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The Mysterious Death of Turkmenbashy the Great

June 1, 2008

©  Reflections on the Ruhnama
By Steve in Wisconsin
Publication date:  June 1, 2008

“The Turkmen sees treachery as worse than anything; he sees it as base. He condemns the traitor.” – Turkmenbashy

On December 21, 2006 the death of Turkmenistan’s first president Saparmyrat Niyazov (Turkmenbashy the Great) caught me by surprise. Somehow it just didn’t seem right. While the subject of his unexpected demise was reported by the mainstream media during the days that followed, I was more intrigued by what was being posted on Russian-language blogs and bulletin boards by the Turkmen diaspora. Although I do not read Russian I frequently use online translation services to monitor the non-English media. Some members of the diaspora claimed that Turkmenbashy was poisoned on behalf of the West which saw him as an obstacle to exploiting Turkmenistan’s vast gas reserves. I remember one post in particular: “They have killed him! He was our god. They killed our god.” Clearly Turkembashy’s sudden death caught the diaspora by surprise as well.

Turkmenbashy was a neutralist who shunned military alliances and worked for regional peace. He remained on good terms with neighboring governments, refused to allow his country to be used as a springboard by foreign rebels, and he held no grudge against Russia for her pre-independence plundering of his country’s resources. To this day Turkmenistan is the only country officially recognized by the United Nations as a neutral state.

Turkmenbashy followed his own agenda. While working for peace he would not be bullied. He stood his ground in the face of pressure from the world’s superpowers and refused to bow before multinational corporations.

Clearly he had to go.

I decided to write this report because Turkmenbashy’s death is still surrounded by mystery. Yes, I know that his death was ruled a heart attack [“Turkmenistan: Heart Attack Killed Leader”, N.Y. Times, Dec. 23 2006, C J Chivers], that he suffered from various medical problems and that the world has now largely “moved on” in the year and a half since this incident occurred. Vanquished are many of the blog comments written by the ‘conspiracy theorists’ whose public conjectures have been deleted or buried beneath thousands of other opinions. So why is it, as I watch events unfold in Turkmenistan, that I see the political, economic and military landscape changing so swiftly in favor of the West now that Turkmenbashy is out of the picture?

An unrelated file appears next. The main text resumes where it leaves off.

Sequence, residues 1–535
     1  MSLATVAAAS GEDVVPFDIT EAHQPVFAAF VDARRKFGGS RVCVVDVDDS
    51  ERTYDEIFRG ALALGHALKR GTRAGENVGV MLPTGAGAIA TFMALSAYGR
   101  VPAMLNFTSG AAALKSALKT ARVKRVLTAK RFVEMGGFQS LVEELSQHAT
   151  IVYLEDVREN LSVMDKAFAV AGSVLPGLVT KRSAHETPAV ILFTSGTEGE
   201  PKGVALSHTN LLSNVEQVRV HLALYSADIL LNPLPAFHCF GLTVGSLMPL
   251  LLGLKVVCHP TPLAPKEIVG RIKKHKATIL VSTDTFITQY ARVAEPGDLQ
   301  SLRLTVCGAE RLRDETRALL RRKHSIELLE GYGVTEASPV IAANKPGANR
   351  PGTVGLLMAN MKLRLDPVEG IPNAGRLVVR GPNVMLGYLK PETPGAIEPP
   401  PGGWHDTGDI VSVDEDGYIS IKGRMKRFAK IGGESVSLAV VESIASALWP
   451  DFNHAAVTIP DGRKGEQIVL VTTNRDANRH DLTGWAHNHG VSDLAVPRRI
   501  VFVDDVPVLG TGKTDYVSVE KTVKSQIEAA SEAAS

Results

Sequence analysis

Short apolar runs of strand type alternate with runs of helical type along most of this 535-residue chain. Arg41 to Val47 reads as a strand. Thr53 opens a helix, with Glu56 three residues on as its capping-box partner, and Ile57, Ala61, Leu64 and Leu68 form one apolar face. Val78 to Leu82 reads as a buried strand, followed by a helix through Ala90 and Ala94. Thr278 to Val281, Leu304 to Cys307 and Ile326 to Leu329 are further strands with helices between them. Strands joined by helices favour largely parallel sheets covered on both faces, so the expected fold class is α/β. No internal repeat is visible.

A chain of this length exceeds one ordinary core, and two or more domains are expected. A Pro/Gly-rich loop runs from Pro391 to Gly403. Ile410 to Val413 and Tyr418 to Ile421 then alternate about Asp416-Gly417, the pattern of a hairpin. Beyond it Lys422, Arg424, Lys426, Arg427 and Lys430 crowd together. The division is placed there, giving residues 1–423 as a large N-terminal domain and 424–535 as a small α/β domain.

The prospect of foul play
The media largely credits the progressive policies of the new president, Gurbanguly Berdymukhammedov, with “opening doors” to new alliances and business ventures. The only problem is that he’s not supposed to be the president. According to the constitution, in the event of Turkmenbashy’s death (and in the absence of a designated heir) the presidency of Turkmenistan was to pass to the speaker of parliament – a fellow named Ovezgeldy Atayev. Regrettably he was unable to assume office:

Turkmen speaker Ovezgeldy Atayev arrested
Azeri Press Agency (APA), 21 Dec 2006 19:13

[Excerpt:] – Speaker of Turkmen Parliament Ovezgeldy Atayev has been arrested, APA special reporter in Turkmenistan reports. Criminal proceedings were instituted against the speaker two hours later the news about Saparmurat Niyazov’s death was announced. Under the Constitution, the presidential powers must be transferred to the parliament speaker.

Though Turkmen state television reported that the presidential powers will be transferred to the speaker Ovezgeldy Atayev, later it was announced that the presidential powers were transferred to Deputy Premier Gurbanguly Berdimukhammedov. Though it was reported that criminal proceedings were instituted against Ovezgeldy Atayev and he was arrested it is not clarified what he is accused of. A Turkmen source said there are doubts that the president did not die a natural death. Extraordinary session of the People’s Council will be held on December 26.

[Source: http://en.apa.az/print.php?id=18180%5D

APA is an accredited Azerbaijani news agency with a correspondent in Turkmenistan on the day of Turkmenbashy’s death. Already there was speculation that his death was “unnatural”.

To this day the global media continues to report that Turkmenbashy left no successor but this is not true: Mr Atayev, the parliamentary speaker, was his successor. The fact that Turkmenbashy failed to name a different individual only means that he was comfortable with the presidential standard passing to Atayev. After all, it was guaranteed in the constitution that this would occur so why should he reiterate it? Gurbanguly Berdimukhammedov assumed control on the basis that Mr Atayev was imprisoned. This is interesting because “Gurby” was the ‘Minister of Health’ – so according to international precedent he would naturally be next in line. Not. The constitution was changed to accommodate Gurby’s new position and he overwhelmingly won the presidential election held soon afterwards.